June 09, 2009

This happened today. It didn't bother me at all.

I guess no good deed goes uncriticized.


This morning Jillian and I were cleaning a rug and the old woman next door just had to get involved. It's this enormous rug that's adorned the hardwood floors in the house since we moved in 18 months ago. Thick, with a floral pattern that's bled red over the white background (or maybe the previous tenants just spilt a lot of wine), the rug is a magnet for cat hair, Jillian hair, crumbs, and dirt. The moment we rolled it up out of the way, we looked at each other and exclaimed, "Why didn't we do this a year ago?"

Before storing it away we figured it would be good form to wash it. Typically the women of the neighborhood wash their rugs--often, this exact same one--in the parking lot beside our house. But across that lot is a six-story apartment building and the thought of being watched over, literally, by a couple dozen (inevitably) disapproving "experts" was not what we had in mind. I've seen these women wash rugs. It takes them several hours to clean ten square feet. We wanted a (relatively) clean rug, not a lesson on how Macedonian women since time infinitium have preserved their carpets.

So we went to work out in our front yard with a few buckets, some laundry detergent, and a brush cannibalized from an old vacuum cleaner:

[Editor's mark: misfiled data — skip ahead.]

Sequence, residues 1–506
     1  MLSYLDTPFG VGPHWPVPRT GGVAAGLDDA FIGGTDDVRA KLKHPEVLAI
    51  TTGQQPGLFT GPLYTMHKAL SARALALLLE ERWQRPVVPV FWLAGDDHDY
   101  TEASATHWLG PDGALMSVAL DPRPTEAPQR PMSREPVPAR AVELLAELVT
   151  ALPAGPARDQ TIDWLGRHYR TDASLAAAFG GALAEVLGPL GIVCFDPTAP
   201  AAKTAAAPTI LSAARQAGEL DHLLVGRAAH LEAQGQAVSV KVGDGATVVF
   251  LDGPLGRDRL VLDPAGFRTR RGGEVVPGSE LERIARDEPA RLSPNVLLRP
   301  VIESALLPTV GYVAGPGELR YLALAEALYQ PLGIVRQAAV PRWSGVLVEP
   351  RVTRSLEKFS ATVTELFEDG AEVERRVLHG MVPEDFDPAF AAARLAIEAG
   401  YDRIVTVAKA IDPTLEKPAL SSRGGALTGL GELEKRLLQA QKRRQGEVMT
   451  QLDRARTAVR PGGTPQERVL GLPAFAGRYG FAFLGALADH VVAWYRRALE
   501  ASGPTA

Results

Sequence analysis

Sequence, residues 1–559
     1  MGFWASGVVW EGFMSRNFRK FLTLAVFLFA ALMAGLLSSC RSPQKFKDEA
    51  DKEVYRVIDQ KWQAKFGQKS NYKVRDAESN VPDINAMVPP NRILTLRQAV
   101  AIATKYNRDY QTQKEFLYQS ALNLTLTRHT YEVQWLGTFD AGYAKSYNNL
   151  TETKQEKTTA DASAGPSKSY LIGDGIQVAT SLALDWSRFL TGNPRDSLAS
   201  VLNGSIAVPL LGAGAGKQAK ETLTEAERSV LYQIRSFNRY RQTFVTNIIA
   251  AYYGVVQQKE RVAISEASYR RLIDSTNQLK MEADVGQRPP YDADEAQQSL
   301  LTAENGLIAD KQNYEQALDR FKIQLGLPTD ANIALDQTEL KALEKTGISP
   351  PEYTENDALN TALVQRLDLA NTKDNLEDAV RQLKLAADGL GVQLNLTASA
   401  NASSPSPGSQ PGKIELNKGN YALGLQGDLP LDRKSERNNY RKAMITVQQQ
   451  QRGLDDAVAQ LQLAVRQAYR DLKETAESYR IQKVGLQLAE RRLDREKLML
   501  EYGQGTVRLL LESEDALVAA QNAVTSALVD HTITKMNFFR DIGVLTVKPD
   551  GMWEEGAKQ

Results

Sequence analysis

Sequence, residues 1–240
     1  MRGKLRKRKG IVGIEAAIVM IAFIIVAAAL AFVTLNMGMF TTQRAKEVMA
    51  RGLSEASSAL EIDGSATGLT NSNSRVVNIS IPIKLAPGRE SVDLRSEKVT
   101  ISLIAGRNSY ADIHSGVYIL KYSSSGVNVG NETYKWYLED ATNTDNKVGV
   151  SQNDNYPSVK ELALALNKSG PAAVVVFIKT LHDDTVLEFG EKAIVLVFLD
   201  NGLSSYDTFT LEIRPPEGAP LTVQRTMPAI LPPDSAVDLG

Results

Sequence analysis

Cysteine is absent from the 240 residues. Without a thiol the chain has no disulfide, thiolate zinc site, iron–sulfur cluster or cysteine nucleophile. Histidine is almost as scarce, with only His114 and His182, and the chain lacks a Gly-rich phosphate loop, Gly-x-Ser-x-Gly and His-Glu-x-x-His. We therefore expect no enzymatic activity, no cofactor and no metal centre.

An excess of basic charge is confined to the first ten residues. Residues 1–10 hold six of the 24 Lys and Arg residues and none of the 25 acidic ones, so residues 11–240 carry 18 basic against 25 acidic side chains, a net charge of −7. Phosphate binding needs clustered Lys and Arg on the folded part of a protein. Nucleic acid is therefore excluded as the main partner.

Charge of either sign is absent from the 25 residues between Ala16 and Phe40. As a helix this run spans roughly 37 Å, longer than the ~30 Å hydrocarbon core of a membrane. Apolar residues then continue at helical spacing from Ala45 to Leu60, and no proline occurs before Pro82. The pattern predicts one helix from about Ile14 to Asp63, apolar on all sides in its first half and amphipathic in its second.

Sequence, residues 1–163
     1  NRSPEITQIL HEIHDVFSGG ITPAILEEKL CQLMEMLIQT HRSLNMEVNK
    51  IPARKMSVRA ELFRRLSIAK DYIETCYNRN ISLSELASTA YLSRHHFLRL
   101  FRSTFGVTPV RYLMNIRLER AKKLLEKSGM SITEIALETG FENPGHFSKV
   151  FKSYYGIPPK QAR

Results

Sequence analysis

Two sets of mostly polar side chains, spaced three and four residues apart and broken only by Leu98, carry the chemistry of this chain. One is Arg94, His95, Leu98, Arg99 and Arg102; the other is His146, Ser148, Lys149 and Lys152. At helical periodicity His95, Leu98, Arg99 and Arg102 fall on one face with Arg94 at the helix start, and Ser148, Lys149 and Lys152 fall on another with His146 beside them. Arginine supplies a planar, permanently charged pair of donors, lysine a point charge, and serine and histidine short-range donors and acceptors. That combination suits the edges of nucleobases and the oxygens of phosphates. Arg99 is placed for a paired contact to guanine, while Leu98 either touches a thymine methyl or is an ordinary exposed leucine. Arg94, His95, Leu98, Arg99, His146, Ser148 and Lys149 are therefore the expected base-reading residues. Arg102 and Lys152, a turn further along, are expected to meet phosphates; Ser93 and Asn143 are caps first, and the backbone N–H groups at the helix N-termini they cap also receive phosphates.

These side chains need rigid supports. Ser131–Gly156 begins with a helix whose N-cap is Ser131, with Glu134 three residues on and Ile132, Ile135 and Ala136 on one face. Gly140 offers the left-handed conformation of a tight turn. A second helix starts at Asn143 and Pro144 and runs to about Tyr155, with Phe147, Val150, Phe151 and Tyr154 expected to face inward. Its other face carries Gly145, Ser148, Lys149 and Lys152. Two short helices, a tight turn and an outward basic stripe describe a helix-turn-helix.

We were in the home stretch when our neighbor emerged from her front door. Our yards are basically one yard divided by a metal fence. That and their yard is beautifully manicured and has an umbrella-protected patio set; ours, on the other hand, contains a dilapidated wooden staircase (some drunk guys pushed it over a few months ago, but that's another story) and a collection of weeds which is occasionally trimmed by a guy wielding a scythe. Really, no matter what else happens, I'll always have the memory of the guy mowing our lawn with a scythe.

So our neighbor came out, arms folded, and gave us what I believe to be the same look that I give the local butcher when he scoops up a handful of raw chicken, drops it on the scale, and then uses those same unwashed hands to grab a lump of ground pork. Her expression suggested that we Americans should stick to things we know, like baseball, and leave the rug cleaning to others.

I had a hard time conveying this to her, so I'll write it here for posterity's sake: I DON'T CARE ABOUT CLEANING RUGS. IT'S NOT A SKILL I WISH TO ACQUIRE.

Then she pulled the ultimate: our neighbor tattled on us to our landlords. No sooner had we finished "cleaning" the rug, then the owner of the house appeared with a taxi and a few men in trail. They came to take the rug! To clean it right, I suppose. Watching them struggle with that rolled-up mass of wet fabric, I felt like the repo man had just paid a visit to reclaim something I couldn't afford.

Fine, Macedonia, rug-cleaning is all yours. Now we're going to a cafe bar to drink a beer and think of something that we, Dan and Jillian, could teach you. Wait, I already thought of one: how to pour a beer without producing a half-glass of foam! Ha-ha! And that's just the beginning.

2 comments:

M said...

Well said. I completely relate on many levels.

Sarah said...

This is one of those things, I think, where you doing the "learning" hustle, and say, "Why yes nosy Macedonian woman, why don't you instruct me in the art of rug washing?" And let her demonstrate away for you... all the way to a clean rug.

I agree, there are things I never need to learn how to do in this life, and there are others who do them so much better than I. I like to call it outsourcing.